"What of the men below deck?" Pieter asked.
"Many of us that remain cannot seem to make the ship work any longer. We have been adrift here forever, unable to craft even the simplest repairs."
"Then I am not the only one of us so afflicted," Pieter sighed.
"At times, I fear we may never return home again," Jaap said sadly.
The two of them stood and watched the sea for a time.
Pieter woke just before three bells, wondering how he'd come to be in bed again. A few other men were there, talking and going about their duties as they'd done before.
But when Pieter went up to the top deck, the sails were loose and torn, and the ship was in ruins all around him.
"This is your doing!" Captain Van der Decken shouted from behind him. "Had ye not made me so angry, we would not have been cursed when ye died."
"Died?" Pieter said.
"From the drowning," the Captain said.
"You drowned me?" Pieter cried. "All for a watch I never took, however it came to be in my bed?"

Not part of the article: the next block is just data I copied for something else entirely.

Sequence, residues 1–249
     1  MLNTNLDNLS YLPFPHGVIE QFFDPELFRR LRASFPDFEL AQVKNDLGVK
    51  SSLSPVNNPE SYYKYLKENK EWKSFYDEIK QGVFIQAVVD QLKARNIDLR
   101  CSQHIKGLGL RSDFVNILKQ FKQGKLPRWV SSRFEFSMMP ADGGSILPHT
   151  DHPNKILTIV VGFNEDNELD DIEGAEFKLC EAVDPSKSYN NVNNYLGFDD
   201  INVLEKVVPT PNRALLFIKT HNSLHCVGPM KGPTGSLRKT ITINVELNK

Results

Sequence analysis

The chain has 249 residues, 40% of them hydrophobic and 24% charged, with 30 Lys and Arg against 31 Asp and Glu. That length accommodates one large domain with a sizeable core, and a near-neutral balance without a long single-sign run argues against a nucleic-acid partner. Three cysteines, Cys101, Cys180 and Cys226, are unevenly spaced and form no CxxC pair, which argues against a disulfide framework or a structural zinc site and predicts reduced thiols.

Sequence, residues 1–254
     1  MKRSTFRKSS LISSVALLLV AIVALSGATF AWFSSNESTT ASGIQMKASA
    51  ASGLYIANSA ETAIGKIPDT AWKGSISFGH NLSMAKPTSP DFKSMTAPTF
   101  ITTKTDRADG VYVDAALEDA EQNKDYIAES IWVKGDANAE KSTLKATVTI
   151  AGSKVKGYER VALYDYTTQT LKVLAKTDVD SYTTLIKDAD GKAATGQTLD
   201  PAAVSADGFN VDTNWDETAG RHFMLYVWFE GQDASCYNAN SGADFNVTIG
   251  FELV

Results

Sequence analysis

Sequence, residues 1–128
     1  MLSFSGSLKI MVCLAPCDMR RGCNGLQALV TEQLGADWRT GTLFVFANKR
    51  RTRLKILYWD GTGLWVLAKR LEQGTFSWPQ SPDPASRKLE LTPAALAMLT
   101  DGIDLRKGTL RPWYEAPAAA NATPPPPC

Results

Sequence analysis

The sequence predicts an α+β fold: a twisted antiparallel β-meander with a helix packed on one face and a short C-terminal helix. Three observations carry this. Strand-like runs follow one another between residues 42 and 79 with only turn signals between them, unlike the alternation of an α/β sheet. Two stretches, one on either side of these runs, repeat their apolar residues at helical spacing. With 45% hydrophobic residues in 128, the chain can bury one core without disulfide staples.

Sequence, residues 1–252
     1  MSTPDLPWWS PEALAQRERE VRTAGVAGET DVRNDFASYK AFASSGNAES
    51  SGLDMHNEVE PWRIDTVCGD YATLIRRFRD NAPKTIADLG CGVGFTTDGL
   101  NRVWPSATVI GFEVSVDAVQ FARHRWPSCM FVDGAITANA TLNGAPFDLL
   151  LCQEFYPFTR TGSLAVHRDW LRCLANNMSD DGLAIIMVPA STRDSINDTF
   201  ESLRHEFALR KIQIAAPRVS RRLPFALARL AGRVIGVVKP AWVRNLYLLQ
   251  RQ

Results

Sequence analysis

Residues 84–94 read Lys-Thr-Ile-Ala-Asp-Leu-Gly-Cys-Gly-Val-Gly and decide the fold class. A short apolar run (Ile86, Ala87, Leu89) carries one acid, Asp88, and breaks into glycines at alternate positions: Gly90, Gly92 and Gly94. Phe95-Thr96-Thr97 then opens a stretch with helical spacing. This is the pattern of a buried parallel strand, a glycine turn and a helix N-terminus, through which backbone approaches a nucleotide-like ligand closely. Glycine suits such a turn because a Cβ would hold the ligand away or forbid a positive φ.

"'Twas never about the watch, lad. Ye smiled at my girl afore we left port, and that was enough."
"What girl? I saw only my own sweetheart, and now you have taken me from her forever!"
"I have taken what was yours as ye tried to take what was mine," the Captain said.
Pieter was grief-stricken. "And now we have nothing, any of us, but an eternity adrift on this cold sea."
"Perhaps," the Captain said. "Perhaps."
But then he pointed toward the storm to the East and smiled with a steely hint of vengeance. "Though yon ship may yet come to our rescue soon…"
This prompt, which refers to a horrible and often lethal punishment, inspired me to create a fictionalized account of the crime said to have resulted in the ghost ship known as Der Fliegende Hollander, i.e., "The Flying Dutchman."
If you liked this story, please vote for it along with the entries of ALL my other Asaga teammates (bsgsix, eeyore_grrl, gunwithoutmusic, impoetry, lawchicky819, megatronix, minikin25, and wolfden) here!